John's paintings of banana farming in Costa Rica are to be used as part of a new exhibit by the International Network for the improvement of Banana and Plantain. The exhibit will be shown at the Eden Project next summer ,2006, but the inauguration at the Central Library of Leuven in Belgium is on 18 October at 14h00. After Belgium the exhibit will move to the Edinburgh Royal Botanic Gardens until the end of the Science Festival.
"We hope that this is only the beginnning of a long life for the exhibit"
Anne Vezina the Science writer and Public awareness specialist at INIBAP
To celebrate its 20th anniversary, INIBAP, in collaboration with an international agricultural research centre (CIRAD), a Belgian university (K.U.Leuven) and a ground-breaking British educational charity focusing on plants and people (Eden Project), have produced the exhibition "No end to the banana", inaugurated in Leuven, Belgium, in 2005. "No end to the banana" is a travelling exhibition that uses the banana as a vehicle to talk about genetic diversity and how research and development can use the existing diversity to produce better and healthier bananas for consumers everywhere and, at the same time, help improve the livelihoods of banana farmers.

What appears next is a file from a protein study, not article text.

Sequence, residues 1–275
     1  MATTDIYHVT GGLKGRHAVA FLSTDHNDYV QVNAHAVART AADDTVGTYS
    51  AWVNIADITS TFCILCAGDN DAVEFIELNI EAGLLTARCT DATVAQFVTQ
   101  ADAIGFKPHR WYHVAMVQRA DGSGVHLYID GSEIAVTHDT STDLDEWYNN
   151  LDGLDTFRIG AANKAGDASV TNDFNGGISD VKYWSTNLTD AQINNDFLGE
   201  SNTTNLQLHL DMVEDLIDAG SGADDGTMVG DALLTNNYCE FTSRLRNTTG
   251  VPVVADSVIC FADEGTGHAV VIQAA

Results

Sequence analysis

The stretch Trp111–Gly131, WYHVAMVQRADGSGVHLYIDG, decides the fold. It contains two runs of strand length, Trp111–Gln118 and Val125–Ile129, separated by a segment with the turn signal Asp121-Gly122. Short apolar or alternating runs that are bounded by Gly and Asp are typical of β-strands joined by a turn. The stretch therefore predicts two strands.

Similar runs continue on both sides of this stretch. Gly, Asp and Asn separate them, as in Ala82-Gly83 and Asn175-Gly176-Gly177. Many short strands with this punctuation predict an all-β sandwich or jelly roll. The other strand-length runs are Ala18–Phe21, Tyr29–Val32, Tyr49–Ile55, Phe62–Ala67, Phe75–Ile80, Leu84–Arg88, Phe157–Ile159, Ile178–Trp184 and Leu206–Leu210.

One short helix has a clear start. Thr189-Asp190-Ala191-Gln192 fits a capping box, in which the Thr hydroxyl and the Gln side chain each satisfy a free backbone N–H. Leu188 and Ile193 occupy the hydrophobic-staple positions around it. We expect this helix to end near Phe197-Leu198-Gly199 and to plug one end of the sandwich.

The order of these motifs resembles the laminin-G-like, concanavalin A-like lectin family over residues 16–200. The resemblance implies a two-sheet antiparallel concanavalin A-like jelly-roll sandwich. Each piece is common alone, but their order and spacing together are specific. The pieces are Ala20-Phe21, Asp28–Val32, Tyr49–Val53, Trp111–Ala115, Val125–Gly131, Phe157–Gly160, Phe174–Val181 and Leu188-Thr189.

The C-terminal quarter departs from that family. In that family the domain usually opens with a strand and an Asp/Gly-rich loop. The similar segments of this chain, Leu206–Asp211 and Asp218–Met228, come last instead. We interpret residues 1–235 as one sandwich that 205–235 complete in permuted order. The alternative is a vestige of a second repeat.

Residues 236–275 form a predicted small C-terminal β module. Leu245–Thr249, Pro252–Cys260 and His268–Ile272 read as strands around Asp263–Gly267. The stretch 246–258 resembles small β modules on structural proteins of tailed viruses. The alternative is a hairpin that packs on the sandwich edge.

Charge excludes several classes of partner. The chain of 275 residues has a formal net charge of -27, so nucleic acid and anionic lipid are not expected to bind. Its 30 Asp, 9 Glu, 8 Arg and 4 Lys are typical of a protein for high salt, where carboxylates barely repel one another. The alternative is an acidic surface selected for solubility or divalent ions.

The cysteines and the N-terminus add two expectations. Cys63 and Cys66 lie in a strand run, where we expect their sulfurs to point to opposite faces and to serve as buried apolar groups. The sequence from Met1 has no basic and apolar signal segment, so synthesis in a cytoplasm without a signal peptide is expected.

The text from the panel:
"In Spanish, the banana became known as platano, whereas most European languages adopted the word bananaborrowed from one of the African languages spoken around the Gulf of Guinea. Nobody knows why the Spaniards called the banana platano, a name they were already using to designate the plane tree. They might have been inspired by to the local names for bananas (one of the words for bananas in the Arawak and Carib languages of western South America is palatano). This would support the hypothesis that the banana arrived before the Spaniards. The alternative is that the indigenous people borrowed the Spanish word. "